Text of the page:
Michael Jackson's This Is It opens Wednesday, Oct. 28, throughout the Triangle
Before the inevitable numbing effect of media overload set in, the death of Michael Jackson struck a real chord with children of the late 1970s and early 1980s. Anyone 10 years old when Thriller was released in 1982 is now 37 years old and a member of a demographic typically at the midstream of their personal and professional lives.
Like the deaths of Buddy Holly, Elvis Presley and John Lennon before him, Jackson's passing put an entire generation in touch with its own mortality. Even for those who never saw themselves as Jackson fans or had long ago consigned him to the dustbin of pop music history, the strains of "Rock With You" or "Beat It" still instantly conjure memories of youthful exuberance.
Still, it's difficult to disregard the profiteering that motivates the release of Michael Jackson's This Is It, a film compiled from footage recorded during final rehearsals for Jackson's planned series of concerts in London's O2 Arena. Now, four months after the singer's death, concert promoter AEG Live and others interested parties are rushing the film into theaters to recoup losses from the now-canceled 50 concerts. A DVD/Blu-ray release of the film is reportedly (and unsurprisingly) slated for this Christmas season.
But, then the music starts.
This Is It plays like a toe-tapping elegy to a musical and entertainment icon. It provides behind-the-scenes footage of preparations for the stunning, sometimes garish extravaganza that was to be the London concerts, his first since the HIStory World Tour that concluded in 1997. Moreover, it reveals Jackson in his element: Onstage, exhibiting an almost savant-like entertainment aptitude. Despite his infamous, crippling eccentricities, the film is a welcome reminder that Jackson's creative flame was never snuffed out.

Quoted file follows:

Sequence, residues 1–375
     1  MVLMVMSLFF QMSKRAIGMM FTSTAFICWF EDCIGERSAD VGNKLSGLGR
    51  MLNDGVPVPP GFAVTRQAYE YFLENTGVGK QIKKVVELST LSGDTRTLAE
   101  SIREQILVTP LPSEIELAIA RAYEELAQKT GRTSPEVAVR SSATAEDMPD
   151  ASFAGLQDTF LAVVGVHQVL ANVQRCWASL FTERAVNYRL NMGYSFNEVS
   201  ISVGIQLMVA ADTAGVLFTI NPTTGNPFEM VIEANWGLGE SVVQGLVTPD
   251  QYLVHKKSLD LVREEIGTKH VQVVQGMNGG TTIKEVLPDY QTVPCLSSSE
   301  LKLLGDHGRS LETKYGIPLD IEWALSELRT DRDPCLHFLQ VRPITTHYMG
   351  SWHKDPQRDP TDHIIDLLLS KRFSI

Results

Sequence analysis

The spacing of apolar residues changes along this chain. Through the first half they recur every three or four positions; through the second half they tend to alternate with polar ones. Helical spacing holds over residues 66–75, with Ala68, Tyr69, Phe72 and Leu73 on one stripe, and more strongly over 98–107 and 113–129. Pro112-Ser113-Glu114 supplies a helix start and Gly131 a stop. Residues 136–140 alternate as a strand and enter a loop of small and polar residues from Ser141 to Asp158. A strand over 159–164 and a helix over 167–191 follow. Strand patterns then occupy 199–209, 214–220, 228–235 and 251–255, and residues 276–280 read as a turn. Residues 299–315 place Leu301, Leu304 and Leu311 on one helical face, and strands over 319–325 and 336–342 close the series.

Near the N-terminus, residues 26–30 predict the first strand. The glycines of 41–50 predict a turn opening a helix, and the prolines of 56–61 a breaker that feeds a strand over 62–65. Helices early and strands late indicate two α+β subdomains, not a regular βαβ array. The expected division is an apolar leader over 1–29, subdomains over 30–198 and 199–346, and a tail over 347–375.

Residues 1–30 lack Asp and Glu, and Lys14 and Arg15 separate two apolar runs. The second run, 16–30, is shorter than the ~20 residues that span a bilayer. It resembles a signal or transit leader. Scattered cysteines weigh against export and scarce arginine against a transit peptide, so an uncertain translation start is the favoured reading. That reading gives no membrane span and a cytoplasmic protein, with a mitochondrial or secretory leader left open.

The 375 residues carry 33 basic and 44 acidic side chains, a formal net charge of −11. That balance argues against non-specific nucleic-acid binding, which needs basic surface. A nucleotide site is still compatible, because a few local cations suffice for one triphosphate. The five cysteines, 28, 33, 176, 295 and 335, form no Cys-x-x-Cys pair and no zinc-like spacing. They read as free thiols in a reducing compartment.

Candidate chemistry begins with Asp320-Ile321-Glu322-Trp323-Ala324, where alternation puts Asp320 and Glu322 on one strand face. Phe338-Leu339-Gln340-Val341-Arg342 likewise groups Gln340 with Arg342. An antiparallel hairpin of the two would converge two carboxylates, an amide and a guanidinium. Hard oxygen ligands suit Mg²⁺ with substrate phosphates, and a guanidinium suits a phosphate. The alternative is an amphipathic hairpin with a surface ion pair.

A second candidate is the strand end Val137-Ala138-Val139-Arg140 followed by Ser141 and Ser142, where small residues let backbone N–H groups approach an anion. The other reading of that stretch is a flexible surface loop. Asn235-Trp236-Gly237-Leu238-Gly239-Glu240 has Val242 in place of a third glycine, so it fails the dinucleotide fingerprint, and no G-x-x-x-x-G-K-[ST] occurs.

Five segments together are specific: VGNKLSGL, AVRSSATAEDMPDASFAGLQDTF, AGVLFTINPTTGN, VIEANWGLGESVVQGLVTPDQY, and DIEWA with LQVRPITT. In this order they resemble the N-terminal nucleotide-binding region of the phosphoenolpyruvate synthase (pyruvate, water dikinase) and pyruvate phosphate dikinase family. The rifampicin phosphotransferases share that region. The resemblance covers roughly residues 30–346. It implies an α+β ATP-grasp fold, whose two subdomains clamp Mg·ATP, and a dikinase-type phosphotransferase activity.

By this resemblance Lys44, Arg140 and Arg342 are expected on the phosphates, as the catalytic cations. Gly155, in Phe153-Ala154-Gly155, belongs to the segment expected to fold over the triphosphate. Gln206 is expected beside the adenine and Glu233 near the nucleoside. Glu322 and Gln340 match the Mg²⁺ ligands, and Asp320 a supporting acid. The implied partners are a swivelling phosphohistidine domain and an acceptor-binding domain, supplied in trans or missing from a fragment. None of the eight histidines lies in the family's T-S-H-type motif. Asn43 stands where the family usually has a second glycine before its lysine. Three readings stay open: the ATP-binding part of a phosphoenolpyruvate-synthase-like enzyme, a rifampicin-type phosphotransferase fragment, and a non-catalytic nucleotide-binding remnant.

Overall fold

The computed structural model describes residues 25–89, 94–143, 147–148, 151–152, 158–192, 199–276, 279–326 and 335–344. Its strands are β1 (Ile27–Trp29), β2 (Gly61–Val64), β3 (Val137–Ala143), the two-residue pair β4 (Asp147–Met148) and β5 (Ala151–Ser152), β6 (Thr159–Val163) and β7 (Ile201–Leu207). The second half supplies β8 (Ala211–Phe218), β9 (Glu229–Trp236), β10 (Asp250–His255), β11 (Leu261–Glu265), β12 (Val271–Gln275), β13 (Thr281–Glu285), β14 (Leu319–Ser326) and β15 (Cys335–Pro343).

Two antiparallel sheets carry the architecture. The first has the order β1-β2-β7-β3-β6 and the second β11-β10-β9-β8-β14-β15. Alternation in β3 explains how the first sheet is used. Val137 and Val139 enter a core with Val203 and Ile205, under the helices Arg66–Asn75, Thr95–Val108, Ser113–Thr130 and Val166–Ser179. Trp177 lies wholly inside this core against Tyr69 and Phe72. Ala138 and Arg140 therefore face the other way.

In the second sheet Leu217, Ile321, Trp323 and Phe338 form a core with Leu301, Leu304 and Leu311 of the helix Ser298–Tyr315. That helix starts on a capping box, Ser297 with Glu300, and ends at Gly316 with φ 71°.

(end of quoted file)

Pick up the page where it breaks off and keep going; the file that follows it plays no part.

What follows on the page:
In a way, the raw, unfinished performances—many of them cobbled together from separate rehearsals of the same song—are more accessible and enjoyable than the prepackaged, larger-than-life spectacle that was to follow. During a half-hearted version of "I Want You Back," there is the far-away look of a 50-year-old who has performed the same song-and-dance routine since he was 12 years old. Conversely, Jackson's background dancers boisterously cheer him on from offstage throughout "Billie Jean," prompting director Kenny Ortega to exclaim "Church!" at the end of the number.
It's an open question whether the 100-plus hours of video footage shot during the rehearsals was strategically edited, as some claim, to excise any images of a frail, sickly Jackson. That said, most of the performances in the finished onscreen product show Jackson in full command of his talents, full of energy, vitality, and even wit.
In addition to the rehearsal footage, This Is It features a smattering of interviews with the dedicated, clearly starstruck cast and crew. It also provides glimpses of the technical flourishes being planned for the concert, including vignettes designed to play on a giant screen behind the stage during various numbers. Some are intriguing, like a 3-D depiction of a zombie-filled graveyard during "Thriller" and a black-and-white short film accompanying "Smooth Criminal" in which Jackson digitally cavorts with Humphrey Bogart and Rita Hayworth. Others are as self-indulgent as Jackson himself, like when a little girl is nearly bulldozed while trying to save a rainforest during an otherwise rousing rendition of "Earth Song."
This Is It is not the authoritative Jackson concert film—for that, watch the Live in Bucharest concert DVD filmed during his Dangerous tour in 1997-98. Instead, it's a last look at the highlights of Jackson's solo catalog and a poignant coda to his lifework. Audiences will walk away sure of two things: It would have been a hell of a concert, and it was—leaving all else aside—a brilliant career.